Aside from having Christian founding fathers, I took a step back and thought about how Muslims are portrayed in the United States media today and how that affects our collective view of the religion. What I found was a lack of fair representation and unhelpful misconceptions. I wanted a topic that would change that.

When it came time to develop my own EQ, I drafted, “How are Muslim Americans seeking to deconstruct the misconceptions about their faith, and why is it important for non-Muslim Americans to change how Islam is viewed culturally?” The research I conducted, the places I visited and the people I met were, in my eyes, idealistic, as I pursued the big ideas and content that would lead to my eventual findings and subsequent answer to my EQ.

I emailed an Islamic studies professor and an expert in the history of Islam in the United States, both of whom helped refine my EQ and suggested new themes and resources. I read anthologies, such as “Inside Islam,” edited by John Miller and Aaron Kenedi, and scholarly books, such as “Major Themes of the Qur’an” by Fazlur Rahman and “Islam, the West and the Challenges of Modernity” by Tariq Ramadan. I interviewed a federal defense attorney to discuss the fairness of the judiciary process for minority groups, which led to the answer of the second part of my EQ. I contacted the Muslim Educational Trust of Portland.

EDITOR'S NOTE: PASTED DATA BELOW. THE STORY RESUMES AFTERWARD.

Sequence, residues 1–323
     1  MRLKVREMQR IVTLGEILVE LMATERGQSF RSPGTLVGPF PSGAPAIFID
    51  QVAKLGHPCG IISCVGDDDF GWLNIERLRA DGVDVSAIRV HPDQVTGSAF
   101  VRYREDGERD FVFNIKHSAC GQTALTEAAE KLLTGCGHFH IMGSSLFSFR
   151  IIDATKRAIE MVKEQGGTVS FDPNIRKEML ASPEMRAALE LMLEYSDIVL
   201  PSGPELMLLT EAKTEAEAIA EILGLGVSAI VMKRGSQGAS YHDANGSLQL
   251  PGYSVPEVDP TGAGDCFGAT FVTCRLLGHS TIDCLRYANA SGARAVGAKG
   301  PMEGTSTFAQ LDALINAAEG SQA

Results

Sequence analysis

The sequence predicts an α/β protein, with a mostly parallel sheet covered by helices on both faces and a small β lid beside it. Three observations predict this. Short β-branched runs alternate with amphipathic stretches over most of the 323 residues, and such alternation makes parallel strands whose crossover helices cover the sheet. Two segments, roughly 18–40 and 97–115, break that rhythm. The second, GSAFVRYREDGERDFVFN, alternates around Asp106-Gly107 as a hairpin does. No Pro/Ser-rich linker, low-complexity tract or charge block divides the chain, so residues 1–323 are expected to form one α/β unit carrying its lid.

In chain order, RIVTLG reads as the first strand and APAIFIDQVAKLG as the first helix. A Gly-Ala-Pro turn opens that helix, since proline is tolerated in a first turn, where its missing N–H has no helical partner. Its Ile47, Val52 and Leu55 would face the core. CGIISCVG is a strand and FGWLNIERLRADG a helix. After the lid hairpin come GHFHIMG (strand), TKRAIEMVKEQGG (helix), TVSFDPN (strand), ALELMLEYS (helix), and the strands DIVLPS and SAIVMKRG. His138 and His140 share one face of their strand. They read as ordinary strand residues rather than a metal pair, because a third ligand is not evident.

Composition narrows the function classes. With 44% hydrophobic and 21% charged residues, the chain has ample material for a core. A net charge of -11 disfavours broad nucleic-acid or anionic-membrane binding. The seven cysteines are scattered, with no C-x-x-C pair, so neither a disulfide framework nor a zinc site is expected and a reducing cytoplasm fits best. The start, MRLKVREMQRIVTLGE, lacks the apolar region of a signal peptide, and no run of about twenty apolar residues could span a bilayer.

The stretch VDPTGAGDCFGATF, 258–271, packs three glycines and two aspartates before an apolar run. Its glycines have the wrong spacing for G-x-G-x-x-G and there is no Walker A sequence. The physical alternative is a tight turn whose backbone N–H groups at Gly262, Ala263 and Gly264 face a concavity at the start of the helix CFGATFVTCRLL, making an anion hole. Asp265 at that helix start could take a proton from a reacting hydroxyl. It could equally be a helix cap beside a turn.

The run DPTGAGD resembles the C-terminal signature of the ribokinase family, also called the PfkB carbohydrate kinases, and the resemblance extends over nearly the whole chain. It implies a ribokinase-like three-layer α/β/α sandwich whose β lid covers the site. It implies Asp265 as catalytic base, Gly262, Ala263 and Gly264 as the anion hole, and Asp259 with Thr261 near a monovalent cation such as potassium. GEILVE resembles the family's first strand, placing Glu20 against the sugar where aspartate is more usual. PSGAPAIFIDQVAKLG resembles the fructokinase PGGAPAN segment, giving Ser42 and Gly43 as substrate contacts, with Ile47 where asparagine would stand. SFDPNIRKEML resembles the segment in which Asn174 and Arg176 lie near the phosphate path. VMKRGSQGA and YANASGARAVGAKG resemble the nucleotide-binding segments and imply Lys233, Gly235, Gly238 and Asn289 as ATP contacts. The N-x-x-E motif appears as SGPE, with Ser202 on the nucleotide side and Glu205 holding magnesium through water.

The Muslim Educational Trust referred me to the Oregon Islamic Academy. Within a couple weeks, I visited with a dozen high school students, the Youth Ambassadors Club, at the school in Tigard. After listening to the club’s presentation and discussing life as a Muslim American youth, I wanted to bring their message to life not only in my paper and presentation, but also in an immediate and direct way at my high school.

In mid-April, the Youth Ambassadors Club gave an hour-long presentation and Q&A session to a group of 60 Riverdale students. Seeing my peers interact with a completely new community of Americans in our age group epitomized the experience of Senior Exhibition for me. As I conclude my project this week, I will keep in mind what goes beyond a printed paper and polished PowerPoint.

Sure, there were visible differences between students at Riverdale and students at the Oregon Islamic Academy: non-uniform vs. uniform, mostly white vs. non-white, mostly non-Muslim vs. Muslim. But, as friendliness and genuineness pervaded, as they always should, a new community of understanding was formed and, within a larger scope, demonstrated what is beautiful about this country. Without Senior Exhibition, EQs and the brilliance of a CES education, I could not have comprehended nor concluded my four years here in a more perfect way.

Eleanor Van Buren is a senior at Riverdale High school. She writes a monthly column for the Lake Oswego Review. To contact her, write This email address is being protected from spambots. You need JavaScript enabled to view it..